"You have permission to cross over to Track 2 at Nobscot and proceed to Rock bottom. Cross over to Track 3, the Nashua running track, and proceed to Nashua Tower. Contact the yard master for further instructions."

    "Thanks dispatch. MANA-1 on the roll at 20:05 PM,"

    Layout Construction

    Construction of the current layout was begun in the fall of 1979 and is approximately 50% completed. All phases of construction can be seen, including bare benchwork and highly detailed scenes. The NER layout is one of the largest in central Massachusetts and is considered by many to be among the best. In addition to the craftsmanship displayed, the layout recreates local scenes typical of the New England area, from Calais, ME, to Maybrook, NY.

    The old round house in Nashua Yard is now relegated to museum status. Bishops Bridge in the background is two aisles away.
    Model Railroading - September 1995 - Page 43

    When completed, the layout will feature an accurate representation of downtown Nashua, NH, and several of the "smoke stack" industries that New England is famous for. A section of the Maine two-foot narrow gauge railroads is represented by the Waldo and Kennebec RR.

    The major yards at Calais, Nashua and Maybrook allow for an accurate depiction of local and through bridge traffic.

    Motive power ranges from GP18s to GP40-2s with several Dash 8-40CWs to handle coal trains from Calais.

    The HO scale layout is built on shelves following the trackplan, and the 4,000' of code 83 rail is spiked with 36,000 track spikes in 45,000 individually hand - laid wood ties on splined roadbed. The turnouts are also individually handmade by various members and powered by Fulgarex switch machines. The layout contains over 550' of point-to-point mainline trackage, with more than 2,000' of total trackage. Total yard capacity is over 500 cars. The layout is now operated using a computer-driven command control system, CTC-80 by Keeler Engineering, which allows up to 16 trains with up to 64 locomotives to be operated at the same time, on the same track. These all assist the Superintendent of Operations in keeping everything running smoothly. Radios with headsets and CTC-80 hand-held throttles along with competent dispatchers make operating sessions both fun and interesting. The CTC panel is patterned after a real CTC panel. A signal system, also from Keeler Engineering, is in the design stage and will be built to add to the functions of the railroad. Also available is a pair of Aristo-Craft throttles for conventional use, giving members another option for operating trains on non-ops session nights.

    MANA-1 passes Calico Press and the Sweet Life Warehouse at Rockbottom, MA.
    Model Railroading - September 1995 - Page 44

    The Association

    The Nashua Valley Railroad Association was founded in 1952 as a visiting and social model railroad club. In 1958, it began construction of its first layout in Clinton. In 1968 that layout was dismantled and stored while the club moved to its present location in Bolton. A new layout, using the best parts of the original, was then constructed. In 1980 the old layout was dismantled and the current NER layout was begun.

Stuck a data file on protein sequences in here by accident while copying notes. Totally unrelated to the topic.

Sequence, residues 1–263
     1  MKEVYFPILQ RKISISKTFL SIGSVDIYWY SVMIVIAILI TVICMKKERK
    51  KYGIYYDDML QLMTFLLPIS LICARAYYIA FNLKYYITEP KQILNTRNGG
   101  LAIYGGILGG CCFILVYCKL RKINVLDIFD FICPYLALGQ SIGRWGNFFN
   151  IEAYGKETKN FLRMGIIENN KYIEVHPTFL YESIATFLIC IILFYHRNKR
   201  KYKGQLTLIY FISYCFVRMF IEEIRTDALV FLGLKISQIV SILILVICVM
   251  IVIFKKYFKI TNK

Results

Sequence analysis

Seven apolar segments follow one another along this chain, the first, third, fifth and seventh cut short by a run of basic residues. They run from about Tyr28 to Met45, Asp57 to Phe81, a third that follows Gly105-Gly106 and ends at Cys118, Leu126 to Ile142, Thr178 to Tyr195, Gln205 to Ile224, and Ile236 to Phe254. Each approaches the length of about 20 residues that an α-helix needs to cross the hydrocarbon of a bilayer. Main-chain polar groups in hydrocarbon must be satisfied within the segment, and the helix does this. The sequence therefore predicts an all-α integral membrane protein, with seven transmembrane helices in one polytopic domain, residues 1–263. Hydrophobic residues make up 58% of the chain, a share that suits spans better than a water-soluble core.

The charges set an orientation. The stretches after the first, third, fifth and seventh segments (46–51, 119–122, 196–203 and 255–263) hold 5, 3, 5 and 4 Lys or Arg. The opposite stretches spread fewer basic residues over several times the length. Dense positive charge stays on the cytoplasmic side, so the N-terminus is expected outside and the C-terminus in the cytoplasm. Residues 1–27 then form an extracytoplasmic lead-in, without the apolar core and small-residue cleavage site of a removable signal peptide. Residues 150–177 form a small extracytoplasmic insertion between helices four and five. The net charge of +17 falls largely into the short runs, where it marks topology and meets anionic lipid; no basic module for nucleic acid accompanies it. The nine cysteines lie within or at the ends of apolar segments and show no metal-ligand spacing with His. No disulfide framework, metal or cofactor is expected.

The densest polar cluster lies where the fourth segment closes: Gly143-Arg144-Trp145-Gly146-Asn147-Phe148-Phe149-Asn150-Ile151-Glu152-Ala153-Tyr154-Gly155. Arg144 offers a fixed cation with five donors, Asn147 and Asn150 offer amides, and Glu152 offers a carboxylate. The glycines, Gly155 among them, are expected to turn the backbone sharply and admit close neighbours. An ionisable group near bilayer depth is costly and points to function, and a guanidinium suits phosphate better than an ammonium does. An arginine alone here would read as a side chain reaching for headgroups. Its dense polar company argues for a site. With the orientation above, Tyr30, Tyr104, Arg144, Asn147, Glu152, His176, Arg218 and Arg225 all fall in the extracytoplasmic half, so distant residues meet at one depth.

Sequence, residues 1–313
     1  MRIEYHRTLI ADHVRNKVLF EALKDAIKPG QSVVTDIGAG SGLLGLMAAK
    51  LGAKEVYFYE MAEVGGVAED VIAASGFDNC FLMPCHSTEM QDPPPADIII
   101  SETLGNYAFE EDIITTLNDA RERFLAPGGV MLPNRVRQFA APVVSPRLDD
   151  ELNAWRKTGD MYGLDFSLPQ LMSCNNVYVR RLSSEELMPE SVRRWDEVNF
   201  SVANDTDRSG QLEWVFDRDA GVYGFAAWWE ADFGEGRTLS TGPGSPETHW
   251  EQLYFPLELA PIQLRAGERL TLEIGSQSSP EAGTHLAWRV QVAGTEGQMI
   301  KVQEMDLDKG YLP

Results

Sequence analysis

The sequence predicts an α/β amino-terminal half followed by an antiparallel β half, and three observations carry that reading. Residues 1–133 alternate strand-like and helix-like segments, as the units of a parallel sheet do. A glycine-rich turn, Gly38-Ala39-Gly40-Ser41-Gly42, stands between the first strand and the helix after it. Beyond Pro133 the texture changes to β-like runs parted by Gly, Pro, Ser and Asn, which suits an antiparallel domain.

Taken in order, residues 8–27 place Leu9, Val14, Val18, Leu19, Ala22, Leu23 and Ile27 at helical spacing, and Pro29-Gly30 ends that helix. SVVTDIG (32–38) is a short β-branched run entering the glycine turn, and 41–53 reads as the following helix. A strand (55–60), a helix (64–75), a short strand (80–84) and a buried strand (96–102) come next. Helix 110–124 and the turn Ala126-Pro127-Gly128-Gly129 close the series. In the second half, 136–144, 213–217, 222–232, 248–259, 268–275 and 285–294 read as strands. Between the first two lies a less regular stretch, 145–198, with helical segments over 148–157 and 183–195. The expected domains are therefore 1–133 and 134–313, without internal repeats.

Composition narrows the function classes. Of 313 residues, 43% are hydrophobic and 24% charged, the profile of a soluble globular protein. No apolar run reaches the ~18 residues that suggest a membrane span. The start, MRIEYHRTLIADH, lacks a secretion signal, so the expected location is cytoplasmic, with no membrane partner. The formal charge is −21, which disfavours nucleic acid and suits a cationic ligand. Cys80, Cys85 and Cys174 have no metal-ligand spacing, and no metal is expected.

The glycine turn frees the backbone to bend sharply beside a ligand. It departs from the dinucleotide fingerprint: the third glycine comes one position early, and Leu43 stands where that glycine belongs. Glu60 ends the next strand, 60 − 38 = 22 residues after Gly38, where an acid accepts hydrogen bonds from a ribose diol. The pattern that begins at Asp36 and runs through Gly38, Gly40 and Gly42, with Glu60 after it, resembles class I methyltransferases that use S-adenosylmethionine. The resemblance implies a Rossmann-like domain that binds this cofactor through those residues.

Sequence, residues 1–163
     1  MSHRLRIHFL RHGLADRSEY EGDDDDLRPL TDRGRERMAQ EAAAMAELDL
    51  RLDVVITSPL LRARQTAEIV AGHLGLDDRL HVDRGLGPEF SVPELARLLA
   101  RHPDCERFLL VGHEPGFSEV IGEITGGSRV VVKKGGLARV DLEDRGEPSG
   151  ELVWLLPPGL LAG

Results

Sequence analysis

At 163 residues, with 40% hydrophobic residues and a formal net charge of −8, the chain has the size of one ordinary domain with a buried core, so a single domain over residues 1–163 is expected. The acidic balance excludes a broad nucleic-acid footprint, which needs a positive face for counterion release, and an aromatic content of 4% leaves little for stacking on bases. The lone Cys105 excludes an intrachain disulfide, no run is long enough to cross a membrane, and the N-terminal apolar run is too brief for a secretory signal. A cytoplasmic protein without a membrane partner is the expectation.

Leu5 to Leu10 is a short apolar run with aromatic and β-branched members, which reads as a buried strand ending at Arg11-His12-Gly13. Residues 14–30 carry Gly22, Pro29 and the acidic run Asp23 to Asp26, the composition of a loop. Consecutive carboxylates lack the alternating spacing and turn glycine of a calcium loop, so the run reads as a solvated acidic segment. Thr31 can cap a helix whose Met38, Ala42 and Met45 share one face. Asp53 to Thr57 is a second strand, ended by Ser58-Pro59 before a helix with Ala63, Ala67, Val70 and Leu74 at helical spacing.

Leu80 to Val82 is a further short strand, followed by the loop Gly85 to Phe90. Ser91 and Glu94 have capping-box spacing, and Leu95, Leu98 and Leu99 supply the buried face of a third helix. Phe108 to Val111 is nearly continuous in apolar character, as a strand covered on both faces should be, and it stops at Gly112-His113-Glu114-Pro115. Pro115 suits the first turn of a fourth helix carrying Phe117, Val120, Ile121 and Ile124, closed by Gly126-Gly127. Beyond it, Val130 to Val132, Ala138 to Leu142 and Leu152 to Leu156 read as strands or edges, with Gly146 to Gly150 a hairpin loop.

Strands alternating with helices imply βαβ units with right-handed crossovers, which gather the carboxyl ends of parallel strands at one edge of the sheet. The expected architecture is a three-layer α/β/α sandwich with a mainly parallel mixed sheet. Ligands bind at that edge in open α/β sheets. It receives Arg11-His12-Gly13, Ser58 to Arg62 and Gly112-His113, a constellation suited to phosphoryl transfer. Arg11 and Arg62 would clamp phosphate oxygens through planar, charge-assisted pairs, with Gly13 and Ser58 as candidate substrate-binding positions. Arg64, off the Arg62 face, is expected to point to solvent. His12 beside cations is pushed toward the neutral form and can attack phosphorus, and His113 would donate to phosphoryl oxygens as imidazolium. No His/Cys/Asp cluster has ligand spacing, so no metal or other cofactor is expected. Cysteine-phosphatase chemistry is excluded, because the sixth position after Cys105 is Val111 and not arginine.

Today the Nashua Valley Railroad Association has nearly 80 members. These consist of Alumni, Junior and Senior members. Approximately 40 Senior and Junior members are active in the modeling and operations aspects of the club/layout. Clinics are held to assist new and current members in various aspects of layout construction. Handlaid track and turnouts is one of the most popular. A video is being produced by the members for use in familiarizing new members with rules, layout introduction and CTC-80 operations.

    Club officers consist of a President, Vice President, Secretary and Treasurer. A Board of Directors oversees all aspects of club business and monitors modeling activities. A Superintendent of Physical Plant (Layout Chairman) keeps construction activities within guidelines set by a construction permit system. The Superintendent of Operations runs the layout as if it were a real railroad, with commodity-generated way bills keeping freight traffic moving smoothly. Waybills are generated for each ops session through a computer program designed by a member. Business meetings are held on the first Sunday of each month, at 7: 15 PM.

    Model Railroading - September 1995 - Page 45

    Public Events

    Each year, on a weekend toward the end of April, the club holds an annual Railfair. This two-day event features dealers from around New England and a layout tour. A minimum of six trains are kept running at all times. The following two Wednesday and Sunday nights are held open for potential new members to check out the club and layout. Regular operating sessions resume in June and continue through the winter on the third Sunday and the following Wednesday nights from 7 PM to around 10 PM. Occasionally an all-day ops session is produced for a Sunday from 1 PM to 10 PM. This gives more members a chance to spend maybe an hour or so then leave. Each train order, including yard master/switchers, are assigned on a first-come, firstserved basis by the Superintendent. Visitors are always welcome on any Wednesday or Sunday night.

    During the early part of December a Christmas Train Show is held for local families featuring the NER layout along with modular and portable layouts displayed at a local school. The NER layout is also open for layout tours during local National or Regional train shows at various times during each year.